What does this have to do with house prices in Las Vegas or credit availability in Tampa? Plenty. Only people who were overly confident about how markets operate could have come up with the innovative financial instruments — such as collateralized debt obligations (CDOs) — that ultimately proved so toxic. The banks that developed and sold these products did so comforted by arcane mathematical models that ostensibly demonstrated how these securities would behave under various scenarios.
The only problem was that when the crunch hit, the securities didn't behave the way the models said they should. That came as a surprise to the bankers responsible for the models. Soros said it wouldn't have come as a surprise to anyone who believed in reflexivity.
"They would not have designed these CDOs, for instance, or CDOs squared. They would not have engaged in trading strategies that assumed that markets, that deviations are random. They would change the amount of leverage that they use, the amount that they are willing to borrow, because of the element of uncertainty," he said in an hour-long interview last week.
So far, so good?
Soros received a harsh lesson in uncertainty, false truths and the vagaries of human behavior at an early age. He was a teenager when Nazi soldiers occupied his native Hungary in March 1944. Within less than two months, more than 440,000 Hungarian Jews were deported, many to Auschwitz.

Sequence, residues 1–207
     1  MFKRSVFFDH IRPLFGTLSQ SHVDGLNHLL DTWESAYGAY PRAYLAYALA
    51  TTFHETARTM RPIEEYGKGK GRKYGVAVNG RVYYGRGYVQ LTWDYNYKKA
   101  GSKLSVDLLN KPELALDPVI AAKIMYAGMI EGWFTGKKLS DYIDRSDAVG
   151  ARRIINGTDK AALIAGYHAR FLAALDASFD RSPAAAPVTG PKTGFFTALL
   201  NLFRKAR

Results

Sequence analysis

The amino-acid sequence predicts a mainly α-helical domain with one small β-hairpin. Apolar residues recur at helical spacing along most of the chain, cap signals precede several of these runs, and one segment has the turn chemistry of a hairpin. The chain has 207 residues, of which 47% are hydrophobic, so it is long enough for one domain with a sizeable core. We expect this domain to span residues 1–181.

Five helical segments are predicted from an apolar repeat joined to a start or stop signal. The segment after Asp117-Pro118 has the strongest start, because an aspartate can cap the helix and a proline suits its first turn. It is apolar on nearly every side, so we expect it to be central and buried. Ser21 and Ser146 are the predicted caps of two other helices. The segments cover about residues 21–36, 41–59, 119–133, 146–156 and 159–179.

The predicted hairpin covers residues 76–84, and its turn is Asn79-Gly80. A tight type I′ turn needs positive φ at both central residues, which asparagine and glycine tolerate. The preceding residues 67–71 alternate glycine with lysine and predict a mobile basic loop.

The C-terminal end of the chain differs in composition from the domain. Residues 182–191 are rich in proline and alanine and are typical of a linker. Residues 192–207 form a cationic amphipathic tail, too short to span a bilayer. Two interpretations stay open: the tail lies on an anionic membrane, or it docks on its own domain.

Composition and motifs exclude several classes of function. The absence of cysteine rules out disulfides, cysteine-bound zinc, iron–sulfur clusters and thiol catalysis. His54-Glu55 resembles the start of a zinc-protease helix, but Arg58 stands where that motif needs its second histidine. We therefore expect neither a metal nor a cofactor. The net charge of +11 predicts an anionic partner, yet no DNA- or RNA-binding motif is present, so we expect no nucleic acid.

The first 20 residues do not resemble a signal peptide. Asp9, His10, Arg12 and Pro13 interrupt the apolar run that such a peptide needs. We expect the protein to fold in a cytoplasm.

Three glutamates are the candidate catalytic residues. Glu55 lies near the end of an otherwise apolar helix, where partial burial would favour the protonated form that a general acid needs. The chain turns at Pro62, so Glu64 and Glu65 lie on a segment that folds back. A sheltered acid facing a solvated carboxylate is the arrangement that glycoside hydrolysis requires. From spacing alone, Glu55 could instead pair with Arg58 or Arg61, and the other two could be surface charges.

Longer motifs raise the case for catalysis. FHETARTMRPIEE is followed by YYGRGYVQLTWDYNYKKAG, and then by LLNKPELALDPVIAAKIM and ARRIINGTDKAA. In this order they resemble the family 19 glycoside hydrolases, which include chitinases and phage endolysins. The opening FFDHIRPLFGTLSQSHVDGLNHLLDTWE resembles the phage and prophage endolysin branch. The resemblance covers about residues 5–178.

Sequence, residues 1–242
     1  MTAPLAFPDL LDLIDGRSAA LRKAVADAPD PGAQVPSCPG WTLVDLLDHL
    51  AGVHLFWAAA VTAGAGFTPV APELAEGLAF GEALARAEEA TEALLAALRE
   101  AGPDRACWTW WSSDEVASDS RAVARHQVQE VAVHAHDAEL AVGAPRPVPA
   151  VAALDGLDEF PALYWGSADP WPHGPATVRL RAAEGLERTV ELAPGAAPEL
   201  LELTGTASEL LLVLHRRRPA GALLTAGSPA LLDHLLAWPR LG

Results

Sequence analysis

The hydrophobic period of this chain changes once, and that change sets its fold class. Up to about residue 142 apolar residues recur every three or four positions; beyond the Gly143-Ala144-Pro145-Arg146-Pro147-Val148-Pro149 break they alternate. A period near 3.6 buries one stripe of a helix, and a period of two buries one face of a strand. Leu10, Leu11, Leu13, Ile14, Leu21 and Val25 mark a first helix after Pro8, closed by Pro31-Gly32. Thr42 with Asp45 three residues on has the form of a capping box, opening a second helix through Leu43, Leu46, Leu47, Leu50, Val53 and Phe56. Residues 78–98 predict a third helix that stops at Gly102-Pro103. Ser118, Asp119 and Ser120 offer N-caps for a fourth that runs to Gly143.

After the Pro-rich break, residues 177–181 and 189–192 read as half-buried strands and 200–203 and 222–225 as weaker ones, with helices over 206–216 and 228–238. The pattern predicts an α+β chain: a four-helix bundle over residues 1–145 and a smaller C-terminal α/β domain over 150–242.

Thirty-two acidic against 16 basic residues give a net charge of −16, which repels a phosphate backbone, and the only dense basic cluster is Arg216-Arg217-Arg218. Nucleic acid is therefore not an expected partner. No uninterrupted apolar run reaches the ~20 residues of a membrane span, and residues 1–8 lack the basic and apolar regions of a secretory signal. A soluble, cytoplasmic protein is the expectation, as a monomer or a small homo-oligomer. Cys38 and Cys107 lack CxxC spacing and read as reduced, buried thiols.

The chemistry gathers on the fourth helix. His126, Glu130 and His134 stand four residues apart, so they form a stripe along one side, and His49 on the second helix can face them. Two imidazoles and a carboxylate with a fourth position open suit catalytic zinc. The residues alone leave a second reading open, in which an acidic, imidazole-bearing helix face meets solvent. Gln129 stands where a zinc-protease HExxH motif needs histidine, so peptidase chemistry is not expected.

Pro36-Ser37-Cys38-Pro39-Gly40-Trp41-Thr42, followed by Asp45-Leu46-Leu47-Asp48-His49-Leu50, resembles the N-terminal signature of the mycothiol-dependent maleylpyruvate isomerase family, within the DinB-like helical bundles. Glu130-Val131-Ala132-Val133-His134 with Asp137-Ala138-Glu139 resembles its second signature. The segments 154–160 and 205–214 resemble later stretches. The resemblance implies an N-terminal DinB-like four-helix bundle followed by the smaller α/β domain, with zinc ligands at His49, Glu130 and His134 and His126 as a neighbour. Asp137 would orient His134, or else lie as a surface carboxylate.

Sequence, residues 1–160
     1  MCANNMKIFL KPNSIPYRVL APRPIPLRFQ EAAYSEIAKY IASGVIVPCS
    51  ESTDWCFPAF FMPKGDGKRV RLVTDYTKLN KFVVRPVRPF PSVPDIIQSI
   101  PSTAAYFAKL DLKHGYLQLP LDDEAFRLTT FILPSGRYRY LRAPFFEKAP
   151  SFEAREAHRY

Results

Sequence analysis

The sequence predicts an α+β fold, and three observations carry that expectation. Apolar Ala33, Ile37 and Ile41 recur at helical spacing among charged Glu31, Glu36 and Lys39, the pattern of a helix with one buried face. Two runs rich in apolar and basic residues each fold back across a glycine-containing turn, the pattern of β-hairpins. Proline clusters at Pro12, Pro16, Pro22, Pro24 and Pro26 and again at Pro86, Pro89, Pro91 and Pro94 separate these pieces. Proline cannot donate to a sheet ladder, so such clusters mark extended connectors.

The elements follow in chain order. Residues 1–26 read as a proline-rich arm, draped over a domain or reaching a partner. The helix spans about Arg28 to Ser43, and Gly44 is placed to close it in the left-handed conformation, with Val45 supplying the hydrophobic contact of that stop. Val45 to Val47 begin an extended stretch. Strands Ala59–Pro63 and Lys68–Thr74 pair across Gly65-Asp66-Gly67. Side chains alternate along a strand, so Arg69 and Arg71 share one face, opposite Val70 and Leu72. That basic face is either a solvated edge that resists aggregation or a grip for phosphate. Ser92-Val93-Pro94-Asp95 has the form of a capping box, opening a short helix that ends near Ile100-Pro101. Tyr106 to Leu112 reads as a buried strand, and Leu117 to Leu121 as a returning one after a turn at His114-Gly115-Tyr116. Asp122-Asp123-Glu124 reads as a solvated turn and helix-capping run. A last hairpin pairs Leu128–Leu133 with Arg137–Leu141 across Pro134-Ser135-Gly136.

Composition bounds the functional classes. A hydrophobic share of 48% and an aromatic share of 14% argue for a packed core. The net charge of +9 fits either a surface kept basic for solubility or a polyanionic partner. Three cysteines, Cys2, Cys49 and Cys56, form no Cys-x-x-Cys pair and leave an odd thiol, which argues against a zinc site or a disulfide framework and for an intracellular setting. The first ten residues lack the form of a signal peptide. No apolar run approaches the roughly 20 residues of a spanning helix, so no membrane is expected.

The Soros family was among the one-third of Hungary's Jewish population who survived the Holocaust, thanks to Soros' father, Tivadar, who arranged false identities for his family.
"My life, my sort of formative experience, was the Nazi occupation, you know, when (I was) 14 years old. They would have exterminated me," Soros says quietly. "And everything grew out of that. I always tried to understand reality — and that's been my passion."
By February 1945, advancing Russian soldiers had replaced the Germans, bringing a new totalitarian ideology just as certain of ultimate truth as the National Socialist ideology it supplanted. As conditions deteriorated under the postwar Soviet occupation, Soros eventually emigrated to London. He studied at the London School of Economics, got a foothold in finance, and moved to the USA in 1956.
In 1970, he started the Quantum fund, a hedge fund that returned better than 42% per year for a decade. The explanation for that outsize success, Soros says, is reflexivity.
"You have got to make decisions even though you know you may be wrong," he says. "You can't avoid being wrong, but by being aware of the uncertainties, you're more likely to correct your mistakes than the traditional investor."
Soros retired from full-time investing in 2000 and concentrated on philanthropy through a network of non-profit organizations he had established in the 1980s and his Open Society Institute. Together, the groups distribute $400 million to $500 million each year to "civil society" projects in more than 50 countries, such as election monitoring in Tajikistan and a network of community libraries in Haiti. Soros also has emerged as a major financial contributor to the Democratic Party and harsh critic of President Bush and the "war on terror."
The financier's political views have made him the bête noire of many in the conservative movement. Fox News commentator Bill O'Reilly, for example, has criticized Soros for seeking to impose a "radical left agenda" on the USA, while conservative websites such as freerepublic.com routinely assail him as "anti-American."